Hi Jade, I’ve had the same problem, feeling uninformed when I don’t read news and anxious and stressed when I do. I’ve completely quit reading news online (in the first week I had to block these sites manually), and have rediscovered radio news – on public radio stations. Here in Germany we have a few public radio where you can get information without falling into the trap of clickbait titles or ads, you are informed about what’s happening without spending hours on the internet. Another method could be to read the paper version of a newspaper, but only on weekends.
Loved Deep Work and have recommended it to many people. I am stunned each time by how people resonate with this and are hungry for this. Have just listened to Cal’s interview on the Rich Roll Podcast – brilliant – and am going to order the new book.
It may be covered in the book but I wonder if anyone can advise me: I am really struggling with how much time I spend watching Netflix. It used to be once or twice a week. Now it is every night for a couple of hours and I feel like my creative time is just draining away. And then at lunchtime, I often watch YouTube videos whilst I eat. These are informative and work-related but nevertheless – I just seem to watch the screen all the time. So for me, my phone isn’t a problem, social media isn’t a problem – I don’t really go near either (it helps having no mobile signal . . . ), but Netflix and YouTube really are proving tough for me to crack.
What Cal would recommend, I think, is a 30 day period in which you abstain from all digital distractions (The Digital Declutter). That includes streaming services, like YouTube and Netflix. This period is a reset for your habits and only after the declutter is over you can think about re-introducing certain digital services into your life. What you have to do during the declutter is fill the time you usually spend watching a screen with other activities. Mostly, you have to think about why you are using these services in the first place and what you want to do instead. The activities you should be focusing on are: developing a skill/building something, joining a club/group involving your interests (offline) and spending time with people face to face.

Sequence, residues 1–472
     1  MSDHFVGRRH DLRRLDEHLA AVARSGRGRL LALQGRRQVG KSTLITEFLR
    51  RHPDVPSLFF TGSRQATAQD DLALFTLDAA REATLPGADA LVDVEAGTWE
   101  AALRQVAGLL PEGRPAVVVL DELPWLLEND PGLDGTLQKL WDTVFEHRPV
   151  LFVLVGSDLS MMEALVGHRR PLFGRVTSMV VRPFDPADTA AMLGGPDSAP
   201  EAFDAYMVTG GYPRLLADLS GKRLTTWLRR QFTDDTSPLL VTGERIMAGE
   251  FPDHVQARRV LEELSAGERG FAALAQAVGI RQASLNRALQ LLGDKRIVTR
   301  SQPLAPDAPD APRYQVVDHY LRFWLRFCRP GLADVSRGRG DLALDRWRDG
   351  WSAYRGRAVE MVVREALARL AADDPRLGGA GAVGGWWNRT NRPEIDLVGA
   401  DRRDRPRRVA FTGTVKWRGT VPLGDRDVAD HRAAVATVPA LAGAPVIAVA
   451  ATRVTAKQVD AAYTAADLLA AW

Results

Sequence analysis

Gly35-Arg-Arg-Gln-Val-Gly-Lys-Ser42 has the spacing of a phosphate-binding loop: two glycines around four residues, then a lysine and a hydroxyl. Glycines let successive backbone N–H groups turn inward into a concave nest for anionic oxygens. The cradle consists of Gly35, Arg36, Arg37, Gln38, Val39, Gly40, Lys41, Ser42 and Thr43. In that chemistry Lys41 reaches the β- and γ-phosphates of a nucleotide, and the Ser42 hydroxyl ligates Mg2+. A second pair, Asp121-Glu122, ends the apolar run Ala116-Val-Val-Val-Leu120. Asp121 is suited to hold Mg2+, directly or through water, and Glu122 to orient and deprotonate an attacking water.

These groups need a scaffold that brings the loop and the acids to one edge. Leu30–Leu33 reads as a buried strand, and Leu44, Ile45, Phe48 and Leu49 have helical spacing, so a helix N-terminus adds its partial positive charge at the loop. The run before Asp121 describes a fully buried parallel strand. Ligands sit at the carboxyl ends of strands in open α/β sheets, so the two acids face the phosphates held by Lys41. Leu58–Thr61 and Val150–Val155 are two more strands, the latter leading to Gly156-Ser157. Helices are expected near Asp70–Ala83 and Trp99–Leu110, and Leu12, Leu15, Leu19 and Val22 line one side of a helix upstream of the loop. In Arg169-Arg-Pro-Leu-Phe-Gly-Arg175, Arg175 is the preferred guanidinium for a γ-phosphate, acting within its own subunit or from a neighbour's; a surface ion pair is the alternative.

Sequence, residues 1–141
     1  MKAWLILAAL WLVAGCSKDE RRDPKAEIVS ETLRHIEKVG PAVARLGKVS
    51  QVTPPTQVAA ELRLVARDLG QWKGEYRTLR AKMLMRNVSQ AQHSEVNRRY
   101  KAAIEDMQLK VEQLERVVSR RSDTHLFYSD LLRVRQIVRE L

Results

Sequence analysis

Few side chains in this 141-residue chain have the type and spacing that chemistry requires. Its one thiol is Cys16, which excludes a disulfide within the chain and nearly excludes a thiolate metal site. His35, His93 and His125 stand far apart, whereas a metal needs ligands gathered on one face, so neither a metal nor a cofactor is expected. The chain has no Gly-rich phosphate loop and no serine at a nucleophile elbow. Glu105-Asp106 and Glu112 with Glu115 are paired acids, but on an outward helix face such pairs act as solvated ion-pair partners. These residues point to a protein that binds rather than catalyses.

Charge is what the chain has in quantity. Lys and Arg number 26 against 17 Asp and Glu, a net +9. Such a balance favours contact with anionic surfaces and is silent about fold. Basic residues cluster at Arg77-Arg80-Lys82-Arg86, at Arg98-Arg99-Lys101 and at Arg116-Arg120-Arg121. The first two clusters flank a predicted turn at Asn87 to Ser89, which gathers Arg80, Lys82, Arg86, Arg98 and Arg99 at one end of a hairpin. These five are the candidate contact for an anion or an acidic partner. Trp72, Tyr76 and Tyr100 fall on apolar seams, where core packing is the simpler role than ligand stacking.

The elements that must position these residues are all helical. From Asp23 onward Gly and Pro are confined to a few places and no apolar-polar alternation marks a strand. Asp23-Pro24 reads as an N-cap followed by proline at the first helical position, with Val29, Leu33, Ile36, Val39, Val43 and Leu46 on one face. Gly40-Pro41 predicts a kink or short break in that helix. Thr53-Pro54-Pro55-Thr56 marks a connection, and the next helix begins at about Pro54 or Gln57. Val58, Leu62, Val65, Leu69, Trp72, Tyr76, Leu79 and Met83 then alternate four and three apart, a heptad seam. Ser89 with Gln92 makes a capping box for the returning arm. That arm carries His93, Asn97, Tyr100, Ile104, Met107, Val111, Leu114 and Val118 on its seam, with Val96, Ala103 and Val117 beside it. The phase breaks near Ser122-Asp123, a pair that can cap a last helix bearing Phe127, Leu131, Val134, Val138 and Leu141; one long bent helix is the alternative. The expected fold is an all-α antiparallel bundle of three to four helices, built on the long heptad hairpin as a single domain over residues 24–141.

I highly recommend the Digital Minimalism book as a lot of other topics, like the importance of solitude, are explained as well.
Working 9 hours a day, 6 days a week gives real hard time to follow music. In today’s life style following the interest that too with netflix and youtube make harder
I haven’t read the book yet and heard an interview on Hurry Slowly podcast. It ties in so well with at the moment – taking a sort of Sabbath on Fri-Sat, even though I’m not Jewish! Great to read through comments too. Such an important topic that I feel will headline mental health in a few years!
I love reading these comments. I am going in order and am reading “Deep Work” right now. In the post, you say “a young man named Mike contacted you”.
I looked under contact on your website and it said you don’t answer email. How can someone contact you with a question? Mine is: Do you conduct any learning programs about the concepts in your non-academia-books, and if not, do you mind if someone uses what you describe to create or integrate some of your material? I always like to ask permission but it is hard if there is no email address.
A compendious piece. Magnificently written and quite illuminating. A must read indeed.
How to survive with out using screens on daily life? It’s possible to do for some. The reality is we are now living on digital world. Using an internet is part of our daily lives. Balancing our time is the top priority to full-fill everything on time.
Great article Cal. Although I’ve been off social media for a while now, I’ve recently taken the extra step of turning off the email notifications on my phone. Previously, I didn’t recognise the insidious little craving to check my phone, but since allotting a couple of periods throughout the day for email, I’ve been more engaged and able to maintain flow in work and leisure activities.
I, on the contrary, have so many ideas on how to fill these free time gaps. Saying goodbye to extra digitalization is still the hardest thing for me.
I know you don’t reply to all of your emails, comments, etc. Which is fine. I love you set these boundaries. It’s incredibly important. That said, thank you for the way you are challenging countless people to really consider the way they live their lives. I won’t spend 5000 words explaining what this looks like for me, but even if you aren’t making the argument people *should* get dumbphones, that people *shouldn’t* have social media accounts, I’m finding your arguments, coupled with the research I’ve seen elsewhere (Alter, Turkle, Carr, Postman, McLuhan, etc.), are enough to keep me on my trajectory. Technology isn’t evil; you and I both know that. But man, being overly connected… I never really counted the cost until now, and I wish I would have done so sooner. So again, thank you for what you’re doing. You are legitimately changing lives.
“research shows that both having and deciding how to spend leisure time can be very stressful”: https://www.bbc.com/worklife/article/20210914-the-way-we-view-free-time-is-making-us-less-happy